Price – is the amount we pay for goods or the provision of a service to a supplier.

Cost – are all the associated sums that are required to enable the successful implementation or use of those goods or services.

As companies we are obsessed with the price of goods, constantly asking to “get it cheaper” or for the explanation of “why can our competitors get it so much cheaper than us?” Sometimes these are valid questions, and by utilising our resources we may be able to reduce down these prices. However, I have yet to work with a company and to find that they were not guilty of getting so tangled up in the price that they fail to realise the competition maybe buying better than them; but it might have nothing to do with the price they are paying.

A simple but powerful example of these costs is that of raising purchase orders.  Every time I see this price in the media it seems to get more inflated, with a recent survey quoting upwards of £200 per order, however this does seem extreme. From my experience it is much more likely to be between £30-£50.  Even at these prices, the implications could be significant.  Even at £30 a company with a margin aspiration of 10% would need to achieve sales of £300 for every purchase order just to cover its cost!  How many purchase orders did your company send last year?  By reducing the amount by 10% how much additional profit could have been achieved? If the value is high maybe it would be worth looking at purchasing cards or the use of e-catalogues for some of your lower spends items.  Even if the price is a little more, maybe the costs are more important.

Purchase orders aside there are hundreds of processes, procedures and transactions that go on within every company, all taking time, costing money and eating away at our profits.

If we manage our costs, though more efficient procurement policies and procedures taking firm control of what we spend in an organisation the savings can be game changing, allowing us realise our profit potential.

If you would like to learn about what we have to offer visit www.srscc.co.uk or email info@srscc.co.uk.

Thursday, 31 July 2014

Member Blog: So how do we make our staff want to be in the office?


By Steve Sutherland, Director, Social Circle


Starting to notice the post-holiday blues among your staff? Slumped shoulders, window gazing and a general lack of energy are all key indicators… and for some people, coming back from holiday can trigger feelings that they no longer want to keep doing what they're doing, they’re considering making enormous changes to their lives.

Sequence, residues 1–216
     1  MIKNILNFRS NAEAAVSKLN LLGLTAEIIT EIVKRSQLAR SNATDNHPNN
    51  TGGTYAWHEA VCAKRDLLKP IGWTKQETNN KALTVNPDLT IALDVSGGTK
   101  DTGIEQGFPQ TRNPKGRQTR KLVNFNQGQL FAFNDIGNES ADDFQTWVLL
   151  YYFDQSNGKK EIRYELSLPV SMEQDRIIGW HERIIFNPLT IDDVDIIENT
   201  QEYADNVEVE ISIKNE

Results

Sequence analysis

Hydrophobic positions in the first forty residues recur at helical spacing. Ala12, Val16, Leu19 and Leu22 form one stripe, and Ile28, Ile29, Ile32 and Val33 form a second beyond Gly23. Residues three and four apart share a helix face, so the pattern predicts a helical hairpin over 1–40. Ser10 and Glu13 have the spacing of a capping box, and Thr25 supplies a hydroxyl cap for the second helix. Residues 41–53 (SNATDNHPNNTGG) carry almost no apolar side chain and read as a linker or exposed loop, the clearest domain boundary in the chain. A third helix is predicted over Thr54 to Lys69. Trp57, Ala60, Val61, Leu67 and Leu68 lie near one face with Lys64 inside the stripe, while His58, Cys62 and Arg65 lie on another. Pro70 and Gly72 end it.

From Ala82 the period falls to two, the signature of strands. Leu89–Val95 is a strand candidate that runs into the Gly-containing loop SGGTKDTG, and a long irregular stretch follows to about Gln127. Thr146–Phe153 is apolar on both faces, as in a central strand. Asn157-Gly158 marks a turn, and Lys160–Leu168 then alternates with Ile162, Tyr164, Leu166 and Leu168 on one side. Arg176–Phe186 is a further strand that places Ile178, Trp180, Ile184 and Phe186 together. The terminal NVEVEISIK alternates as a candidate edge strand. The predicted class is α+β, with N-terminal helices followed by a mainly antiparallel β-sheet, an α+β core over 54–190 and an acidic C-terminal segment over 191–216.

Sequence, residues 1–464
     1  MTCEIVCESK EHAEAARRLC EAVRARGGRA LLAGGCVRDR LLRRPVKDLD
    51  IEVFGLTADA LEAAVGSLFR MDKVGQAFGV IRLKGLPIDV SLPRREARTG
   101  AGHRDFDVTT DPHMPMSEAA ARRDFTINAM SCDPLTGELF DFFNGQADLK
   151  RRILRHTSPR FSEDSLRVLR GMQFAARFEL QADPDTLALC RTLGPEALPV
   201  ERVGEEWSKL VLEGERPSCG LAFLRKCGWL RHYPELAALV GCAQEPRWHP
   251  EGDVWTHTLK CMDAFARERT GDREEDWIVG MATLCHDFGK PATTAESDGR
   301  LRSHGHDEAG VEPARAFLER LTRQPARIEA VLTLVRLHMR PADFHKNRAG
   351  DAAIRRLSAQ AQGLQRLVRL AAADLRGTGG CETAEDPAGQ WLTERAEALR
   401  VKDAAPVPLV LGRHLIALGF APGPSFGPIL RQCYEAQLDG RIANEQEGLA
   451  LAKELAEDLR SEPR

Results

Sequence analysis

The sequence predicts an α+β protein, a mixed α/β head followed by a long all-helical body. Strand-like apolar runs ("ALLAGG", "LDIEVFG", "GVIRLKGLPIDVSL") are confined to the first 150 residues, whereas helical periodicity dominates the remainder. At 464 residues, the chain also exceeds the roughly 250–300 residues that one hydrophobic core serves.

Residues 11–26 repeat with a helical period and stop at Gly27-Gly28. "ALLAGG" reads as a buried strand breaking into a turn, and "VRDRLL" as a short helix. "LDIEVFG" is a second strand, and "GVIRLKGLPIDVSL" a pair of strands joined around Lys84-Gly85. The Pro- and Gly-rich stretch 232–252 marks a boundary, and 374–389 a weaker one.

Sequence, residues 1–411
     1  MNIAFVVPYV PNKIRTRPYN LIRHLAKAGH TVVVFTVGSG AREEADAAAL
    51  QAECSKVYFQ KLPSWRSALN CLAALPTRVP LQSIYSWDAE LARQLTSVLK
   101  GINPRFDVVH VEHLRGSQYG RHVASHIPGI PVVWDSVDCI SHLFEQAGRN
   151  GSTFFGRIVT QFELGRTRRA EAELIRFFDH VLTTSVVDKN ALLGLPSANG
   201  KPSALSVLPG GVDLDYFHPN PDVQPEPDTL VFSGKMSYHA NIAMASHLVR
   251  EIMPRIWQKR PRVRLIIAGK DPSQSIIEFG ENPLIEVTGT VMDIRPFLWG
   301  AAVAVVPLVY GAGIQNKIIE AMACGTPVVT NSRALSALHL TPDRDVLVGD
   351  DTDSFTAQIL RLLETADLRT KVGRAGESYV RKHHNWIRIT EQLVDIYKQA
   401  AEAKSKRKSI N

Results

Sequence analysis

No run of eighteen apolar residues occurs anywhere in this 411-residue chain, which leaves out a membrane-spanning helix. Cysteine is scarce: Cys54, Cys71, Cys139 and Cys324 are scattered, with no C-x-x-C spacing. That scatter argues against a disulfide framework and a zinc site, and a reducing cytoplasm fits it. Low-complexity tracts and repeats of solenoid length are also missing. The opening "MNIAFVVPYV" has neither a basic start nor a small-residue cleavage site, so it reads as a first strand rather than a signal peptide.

This, coupled with last month’s change in flexible working legislation, which now allows everyone with 26 weeks continuous service the right to request flexible working could fuel any unrest, with employees considering home-working or switching to a part-time role, but not all business models can support these requests.

So with the combination of post-holiday blues and the widely heralded easier route to flexible working, how do we keep our staff motivated and wanting to do their job in the office environment?

Each employee needs to feel wanted in the workplace, both in relation to their job and also socially among colleagues. Demonstrating care to individual staff members can be a cost-effective route to loyal staff. Simple things like ensuring they take lunch breaks will make them happier and also more productive in the afternoon.

Some Manchester companies are taking this seriously and investing in encouraging their staff to be more sociable. We have helped them put a scheme in place to enable them an easy way to interact outside of the workplace and get to know each other better, creating a greater camaraderie when they are in the office.

With these schemes, staff can choose from over 150 activities each month to do with their colleagues, or by themselves, outside of work. The majority of the pursuits, such as fitness classes, zumba, movie nights and ten pin bowling are free to the employee and cost the employer just £1 per employee, per month. There are also more serene activities such as chocolate making and Spanish lessons. Some of the more adventurous activities, such as vertical ice climbing, abseiling and extreme caving are subsidised.

Our clients are saying that the activities their staff are now doing have created a real buzz in the office – not dissimilar to the Christmas party buzz – but they’re now getting it all year round, which is helping with staff retention as well as increased productivity.